When I was 18, I failed my driver’s licence test. Three times. I had the learner’s version of White Coat Syndrome. Every time that blue-shirted assessor climbed into the passenger seat, clipboard in hand, pen at the ready, my blood pressure soared, my chest tightened and I became a shell of a human being. Everything I learnt, everything I knew I could do, was out the window quicker than a cat on heat.
On the third occasion, when the assessor had to grab the wheel to stop me turning right from the left lane, I wailed ‘Who cares! I’ll get my bike licence instead!’ Pretty sure I saw a micro-expression of pure terror flash across his face before he asked me to drive – very slowly – back to the depot.
True to my word, I headed along to rider training. Rows of shiny new CD250s in standard-issue grey lined the tarmac. A bunch of nervous kids, hands in pockets, shuffled around out the front on a chilly Canberra morning, waiting for our instructor.
When he finally bounded in, all muscle and flourish, he had his clipboard in hand like his colleagues down at the depot. But the experience was light years apart from my learner driver nightmare. The guy’s love of bikes and riding was infectious. We quickly got the idea that this wasn’t just a mode of transport. This was A Way of Life. And we wanted to be a part of it.
With L-Plates in hand, I hit The Trading Post to find myself some wheels. A beat-up old Suzuki 80 Step-through with tyres held together by blacker caught my eye. I handed over some crumpled notes and nervously hopped aboard.
The rush of love was instantaneous and intense. But it wasn’t to last. I became gripped with the desire to be able to take off from the lights faster than a woman with a pram full of shopping.
I quickly upgraded to a beat-up Kawasaki Z250c. The seat was held together with gaffer tape and held on by a chain. I once considered changing my handlebars, but it never crossed my mind to worry about that seat. Her idiosyncrasies, her take-me-as-I-am allure, were what made her unique. We got each other. And I loved her for it.
Apart from my best mate Lucy with her two mean 650s, nobody had any idea why I would want to ride. My family just thought it was another rough outcrop in my uncomfortably angular personality. Never quite at home anywhere else, my bike quickly became my buddy, my freedom, my sense of space and opportunity. It was a microclimate of comfort. A respite from the ordinary. And every ride felt like coming home.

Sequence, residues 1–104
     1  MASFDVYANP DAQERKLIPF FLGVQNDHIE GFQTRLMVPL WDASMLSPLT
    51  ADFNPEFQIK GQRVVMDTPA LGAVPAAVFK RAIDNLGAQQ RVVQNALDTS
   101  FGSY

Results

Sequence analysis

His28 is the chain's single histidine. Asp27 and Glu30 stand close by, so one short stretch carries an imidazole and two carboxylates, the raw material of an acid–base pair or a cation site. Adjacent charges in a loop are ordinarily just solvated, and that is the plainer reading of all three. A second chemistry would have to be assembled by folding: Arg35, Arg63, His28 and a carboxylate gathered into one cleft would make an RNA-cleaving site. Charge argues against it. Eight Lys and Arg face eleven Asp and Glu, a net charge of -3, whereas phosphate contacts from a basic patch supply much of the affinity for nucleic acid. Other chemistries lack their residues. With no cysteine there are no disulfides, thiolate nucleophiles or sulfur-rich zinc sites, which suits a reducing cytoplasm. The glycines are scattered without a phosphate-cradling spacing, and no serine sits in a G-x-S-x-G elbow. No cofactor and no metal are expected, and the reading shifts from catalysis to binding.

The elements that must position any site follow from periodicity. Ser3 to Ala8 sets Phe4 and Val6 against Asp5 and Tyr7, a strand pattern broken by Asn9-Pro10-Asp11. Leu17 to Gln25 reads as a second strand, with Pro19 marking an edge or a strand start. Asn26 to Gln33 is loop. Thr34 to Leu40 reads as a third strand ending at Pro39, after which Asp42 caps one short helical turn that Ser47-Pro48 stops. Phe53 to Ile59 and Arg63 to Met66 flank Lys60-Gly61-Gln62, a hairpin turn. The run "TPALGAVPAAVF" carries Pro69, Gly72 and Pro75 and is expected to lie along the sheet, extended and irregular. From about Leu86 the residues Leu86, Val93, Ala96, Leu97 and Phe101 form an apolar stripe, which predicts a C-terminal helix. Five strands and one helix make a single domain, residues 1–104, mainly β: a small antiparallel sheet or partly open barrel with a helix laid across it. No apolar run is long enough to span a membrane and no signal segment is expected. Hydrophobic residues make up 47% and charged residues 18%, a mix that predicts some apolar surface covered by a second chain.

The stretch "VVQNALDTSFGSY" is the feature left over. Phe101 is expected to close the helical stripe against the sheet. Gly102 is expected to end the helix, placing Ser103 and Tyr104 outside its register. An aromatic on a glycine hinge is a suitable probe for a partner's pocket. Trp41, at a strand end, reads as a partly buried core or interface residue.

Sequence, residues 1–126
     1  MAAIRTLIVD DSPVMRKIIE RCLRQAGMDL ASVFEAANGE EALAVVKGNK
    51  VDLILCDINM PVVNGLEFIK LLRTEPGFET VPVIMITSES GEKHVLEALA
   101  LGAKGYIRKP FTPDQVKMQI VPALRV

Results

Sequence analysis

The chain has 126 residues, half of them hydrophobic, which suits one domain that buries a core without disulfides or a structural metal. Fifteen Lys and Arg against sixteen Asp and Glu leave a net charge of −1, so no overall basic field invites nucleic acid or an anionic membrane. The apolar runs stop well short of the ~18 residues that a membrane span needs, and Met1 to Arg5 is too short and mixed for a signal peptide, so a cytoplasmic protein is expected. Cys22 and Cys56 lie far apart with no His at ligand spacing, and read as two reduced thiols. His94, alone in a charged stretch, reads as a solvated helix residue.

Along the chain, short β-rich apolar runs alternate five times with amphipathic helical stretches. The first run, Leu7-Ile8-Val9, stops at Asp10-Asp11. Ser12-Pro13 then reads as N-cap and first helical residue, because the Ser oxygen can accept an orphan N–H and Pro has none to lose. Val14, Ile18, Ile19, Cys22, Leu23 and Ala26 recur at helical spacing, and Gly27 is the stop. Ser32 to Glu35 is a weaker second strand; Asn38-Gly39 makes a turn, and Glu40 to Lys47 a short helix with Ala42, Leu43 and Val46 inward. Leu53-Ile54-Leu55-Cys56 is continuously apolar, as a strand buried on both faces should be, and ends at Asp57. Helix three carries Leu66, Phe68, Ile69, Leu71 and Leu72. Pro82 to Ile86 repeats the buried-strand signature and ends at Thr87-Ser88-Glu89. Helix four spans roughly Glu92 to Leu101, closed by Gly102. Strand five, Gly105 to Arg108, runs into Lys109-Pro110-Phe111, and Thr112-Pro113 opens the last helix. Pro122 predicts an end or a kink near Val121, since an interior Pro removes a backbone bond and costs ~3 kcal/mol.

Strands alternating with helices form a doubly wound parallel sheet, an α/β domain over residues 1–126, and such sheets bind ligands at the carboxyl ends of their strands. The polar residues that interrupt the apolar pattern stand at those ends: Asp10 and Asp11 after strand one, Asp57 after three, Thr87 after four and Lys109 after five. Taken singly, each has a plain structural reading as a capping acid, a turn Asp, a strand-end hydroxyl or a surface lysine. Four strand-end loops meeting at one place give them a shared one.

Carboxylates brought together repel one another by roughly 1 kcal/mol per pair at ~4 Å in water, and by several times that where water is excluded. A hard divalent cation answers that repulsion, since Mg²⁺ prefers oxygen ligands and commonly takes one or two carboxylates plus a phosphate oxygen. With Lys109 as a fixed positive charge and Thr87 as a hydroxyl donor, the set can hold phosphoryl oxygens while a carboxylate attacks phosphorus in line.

A handful of years later I needed cash for my move to the Big Smoke, where I was fairly confident I would become an Indie Rockstar. I sold my bike to Lucy’s big brother and headed off to Sydney, with a head full of large dreams and a pocket full of small change.
Although my band formed a small-but-perfectly-formed following, the big dreams didn’t eventuate. And, one thing leading to another, as it often does, neither did another bike.
Well, not until around 20 years later.
In 2012, I changed my life completely. It was a painful, necessary wrench. The shockwaves of judgement and rejection, though ebbing slightly, are still wafting in today. But amidst the chaos and confusion, the guilt and the sadness, there was a sense of freedom and release.
And that’s when I heard the siren call of the motorcycle guiding me home. I looked for a bike that reminded me of my first love, my faithful old Kwakka. It was then I stumbled upon something called ‘café racers’. I was immediately drawn to the look of these classic-yet-custom bikes. Clean lines, sparkling chrome, lowered frames – functional art. There could be no turning back.
A little white Yamaha SR400 caught my eye. Sight unseen, and with money I could ill-afford to part with, I made her mine.
For the first week, we didn’t get along. We didn’t understand each other at all. In short, I couldn’t kick start the fiend. I felt I had made a terrible decision committing to this beautiful, yet dysfunctional, mail-order bride.
But I quietly persevered. And one day, we just clicked. Since then we have made a life together, and the world has opened up. I discovered a Facebook group called Sydney Café Racers, whose motto is ‘Take the long road home’. And, as soon as I signed up, something amazing happened. These were people who didn’t notice any weird, angular outcrops in my personality. Or if they did, they were kind enough not to say. They didn’t need me to explain what this bike meant to me, and what it gave to me. They accepted it, and this little black sheep, without question.
The other night I was sitting in the dark at the back of an inner-west pub, at the tail-end of the custom motorcycle show, Throttle Roll. I settled back on my bike jacket, the armour creating a perfect headrest, and watched the brilliant Stories of Bike, followed by the inspirational Why We Ride. Right there – surrounded by country boys, city chicks and guys with trimmed beards and spray-on jeans, all of us taking in the tales of people who understand what it means to ride – I knew I was home.